During the COVID-19 pandemic, many movies and TV shows either delayed a premiere or had at-home releases. This impacted Marvel fans after the wild year they had in 2019 with “Captain Marvel,” “Spiderman: Far from Home” and “Avengers: Endgame.” 2020 was the first year since 2009 without any Marvel releases. This led to huge hype for the Disney+ original show “Wandavision.” The show is the first Marvel TV show with the same major characters as the popular Avengers movies.
After the tragic death of Pietro, Quicksilver, all the way back in “Avengers: Age of Ultron,” and the loss of fan favorite Vision, not once, but twice, in “Avengers: Infinity War,” fans weren’t totally sure how a show centered around Wanda Maximoff and her love would work out. The announcement was very exciting when fans realized that Paul Bettany would still be in the universe, the only actor to be in three decades of the Marvel Cinematic Universe. We as fans have grown with Bettany from being JARVIS in Iron Man’s suit, to the beloved Vision with his own nine-episode TV show.
“Wandavision” has a slow start and setup that caused many fans to give up. I have heard time and time again since I have been spewing about how good the show is that some people just couldn’t get into it. New episodes weekly give fans time to absorb and a somewhat traditional release like the sitcoms. Personally, I watched after the first six episodes had been released, and binged them all in one night. I waited for the seventh episode, and things have gotten good. From this point on, I will be writing about specific details from the new episodes.
Begin spoiler alert.
The show progresses in time and changes decades with every episode. This cleverly shows the ideal sitcom life from each decade from the ‘50s to the 2010s. Each episode gets more eerie and the characters realize that they are actually stuck in the tv show. In the ‘60s episode, the character Geraldine has a strange encounter with Wanda and she is contacted by the outside world through the radio. When Geraldine returns to her own world in modern times, she joins the SWORD team to see what the tv show anomaly is and how it works. They soon realize that Wanda is the one who fabricated the entire show to spend a life with Vision since he was killed by Thanos. Strange things continue, including the return of her dead brother Pietro, who is recast and played by “American Horror Story” star Evan Peters. These things confuse Wanda because she doesn’t believe that she is making these things happen. Her children age at a crazy rate, and she is confused about who is contacting her from the outside world.
In episode seven, Vision is getting some clues and has figured out that he is in an ideal world constructed by his wife. He comes into contact with some agents when they get sucked into the “Hex,” named for its hexagonal shape and in reference to Wanda being called a witch. However, she is not the only witch in the hex. The seventh episode ends with a catchy song revealing that side character Agnes has been messing things up all along. Her name is short for Agatha Harkness, a witch character from the Wanda and Vision comics.
The end was something that many fans would never have expected. I also watched all nine episodes for a second time after seeing the finale. There are so many details and small things that were tied up by the last episode. The show’s post credit scenes also did some major setup for the second Doctor Strange movie, “Multiverse of Madness.”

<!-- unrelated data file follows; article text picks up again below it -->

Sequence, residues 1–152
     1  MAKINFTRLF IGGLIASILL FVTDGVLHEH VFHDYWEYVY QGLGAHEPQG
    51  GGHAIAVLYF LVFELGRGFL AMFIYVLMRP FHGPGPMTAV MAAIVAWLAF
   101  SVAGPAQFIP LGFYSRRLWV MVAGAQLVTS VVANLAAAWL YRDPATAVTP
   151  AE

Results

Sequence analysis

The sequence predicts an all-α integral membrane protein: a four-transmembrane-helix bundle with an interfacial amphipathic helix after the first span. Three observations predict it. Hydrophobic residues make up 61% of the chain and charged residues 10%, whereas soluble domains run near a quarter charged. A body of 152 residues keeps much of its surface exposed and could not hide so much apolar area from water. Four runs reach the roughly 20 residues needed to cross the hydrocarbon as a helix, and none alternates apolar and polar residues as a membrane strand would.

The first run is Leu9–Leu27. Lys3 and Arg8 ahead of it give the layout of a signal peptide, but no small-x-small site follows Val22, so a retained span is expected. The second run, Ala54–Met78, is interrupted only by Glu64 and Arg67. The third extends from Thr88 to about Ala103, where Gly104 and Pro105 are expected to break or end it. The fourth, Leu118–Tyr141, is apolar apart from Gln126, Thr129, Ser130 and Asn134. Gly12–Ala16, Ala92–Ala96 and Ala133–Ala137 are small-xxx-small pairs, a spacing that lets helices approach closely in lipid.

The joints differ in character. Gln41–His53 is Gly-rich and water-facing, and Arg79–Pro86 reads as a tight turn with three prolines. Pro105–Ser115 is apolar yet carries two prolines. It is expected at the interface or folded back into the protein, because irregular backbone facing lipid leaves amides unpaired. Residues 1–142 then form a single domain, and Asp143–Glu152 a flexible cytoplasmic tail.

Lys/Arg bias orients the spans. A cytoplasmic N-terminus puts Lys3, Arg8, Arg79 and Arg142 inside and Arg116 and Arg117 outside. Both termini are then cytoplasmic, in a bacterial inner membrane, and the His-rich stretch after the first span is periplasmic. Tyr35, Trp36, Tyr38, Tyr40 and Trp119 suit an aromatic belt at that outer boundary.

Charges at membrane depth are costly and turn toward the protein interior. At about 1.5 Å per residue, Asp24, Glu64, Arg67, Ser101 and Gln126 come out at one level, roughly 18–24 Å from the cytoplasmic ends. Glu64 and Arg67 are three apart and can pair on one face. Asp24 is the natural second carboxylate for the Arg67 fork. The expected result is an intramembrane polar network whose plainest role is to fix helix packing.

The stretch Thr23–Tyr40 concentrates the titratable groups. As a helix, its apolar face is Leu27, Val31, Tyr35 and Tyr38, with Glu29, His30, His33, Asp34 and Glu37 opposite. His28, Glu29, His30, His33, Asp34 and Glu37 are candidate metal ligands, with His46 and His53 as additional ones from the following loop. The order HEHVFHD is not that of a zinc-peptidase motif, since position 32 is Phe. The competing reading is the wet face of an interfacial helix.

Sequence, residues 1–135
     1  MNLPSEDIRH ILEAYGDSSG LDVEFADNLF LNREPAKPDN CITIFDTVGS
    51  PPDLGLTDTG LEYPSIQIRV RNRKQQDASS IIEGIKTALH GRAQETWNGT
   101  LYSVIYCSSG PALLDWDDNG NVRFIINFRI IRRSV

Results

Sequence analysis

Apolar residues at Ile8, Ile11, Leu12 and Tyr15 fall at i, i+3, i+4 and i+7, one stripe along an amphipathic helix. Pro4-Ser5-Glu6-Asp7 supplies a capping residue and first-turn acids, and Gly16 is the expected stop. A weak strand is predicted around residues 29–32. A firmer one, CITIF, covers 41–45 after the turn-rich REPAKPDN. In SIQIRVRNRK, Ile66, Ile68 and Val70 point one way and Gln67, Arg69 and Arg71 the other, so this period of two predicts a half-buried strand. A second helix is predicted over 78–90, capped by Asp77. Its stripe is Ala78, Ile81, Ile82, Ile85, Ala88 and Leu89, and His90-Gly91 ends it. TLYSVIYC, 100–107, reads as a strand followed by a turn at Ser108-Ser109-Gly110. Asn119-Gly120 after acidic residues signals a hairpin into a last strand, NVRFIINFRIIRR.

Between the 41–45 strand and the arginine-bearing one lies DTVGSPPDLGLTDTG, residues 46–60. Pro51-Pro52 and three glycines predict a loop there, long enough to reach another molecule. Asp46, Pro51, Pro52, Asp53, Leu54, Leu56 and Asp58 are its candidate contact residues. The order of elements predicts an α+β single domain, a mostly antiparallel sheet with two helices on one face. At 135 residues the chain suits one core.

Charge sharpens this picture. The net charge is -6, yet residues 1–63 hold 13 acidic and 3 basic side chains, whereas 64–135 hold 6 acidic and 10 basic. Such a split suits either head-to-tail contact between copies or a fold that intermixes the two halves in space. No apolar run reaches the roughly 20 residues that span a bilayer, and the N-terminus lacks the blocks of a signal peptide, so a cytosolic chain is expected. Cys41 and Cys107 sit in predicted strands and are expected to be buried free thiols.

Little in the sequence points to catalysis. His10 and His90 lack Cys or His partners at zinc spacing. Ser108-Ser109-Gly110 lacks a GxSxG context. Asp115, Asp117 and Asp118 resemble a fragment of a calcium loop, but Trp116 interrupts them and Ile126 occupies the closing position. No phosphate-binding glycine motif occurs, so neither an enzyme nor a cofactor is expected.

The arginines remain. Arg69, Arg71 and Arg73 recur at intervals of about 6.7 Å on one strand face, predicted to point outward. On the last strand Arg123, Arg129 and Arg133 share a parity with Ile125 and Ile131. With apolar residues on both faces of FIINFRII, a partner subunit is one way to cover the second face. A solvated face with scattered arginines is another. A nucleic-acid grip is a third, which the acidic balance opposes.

Harkness battles it out with Wanda, showing parts of her past and putting together the moments that led to Wanda’s fantasy life. Agatha wishes to take the powers that Wanda absorbed from the mind stone, as well as the power that she developed on her own. Agatha somewhat has sympathy for Wanda, as she knows that her powers are confusing.
Vision has his own battle to fight for his own identity against a SWORD-made version of himself. The two Visions discuss the philosophy of the ship of Theseus. Rather than fight one another, they try to figure out which is the real Vision and what they should do about each other.
End spoiler alert.
“Wandavision” took a few episodes to get me hooked. Personally, I just don’t find ‘50s and ‘60s style sitcoms funny, but the changing intros and canned laughter changing to a “Modern Family” type episode is so smart and intriguing.
The show had the epic fights and visual effects that we have come to expect from the MCU. But there was also the sentimental, longform story that goes through all the movies, with references back to Age of Ultron, and clues as to what will happen in future MCU movies.
The show really impressed me. I almost wished for more, but I enjoyed all the characters, and the script was so clever. I am always shocked at how many little secrets are hidden throughout, and this show was no exception. There are many fan theory videos out now, and I have watched my fair share of them.
I was skeptical from the beginning about a Marvel TV show just because they tell stories so well in movie form. I was worried that it was going to end up being a movie amount of information just stretched out into a show. The new characters as well as callbacks and references to old ones makes it a truly good standalone show. Anyone with even a vague knowledge of the avengers can get joy from this show.
For now, I probably will not cancel my Disney + subscription, as I am now waiting for the return of Bucky and Sam in “The Falcon and The Winter Soldier” to come out in less than a week. I was definitely a big fan of this TV show, even though it was a big risk for Marvel.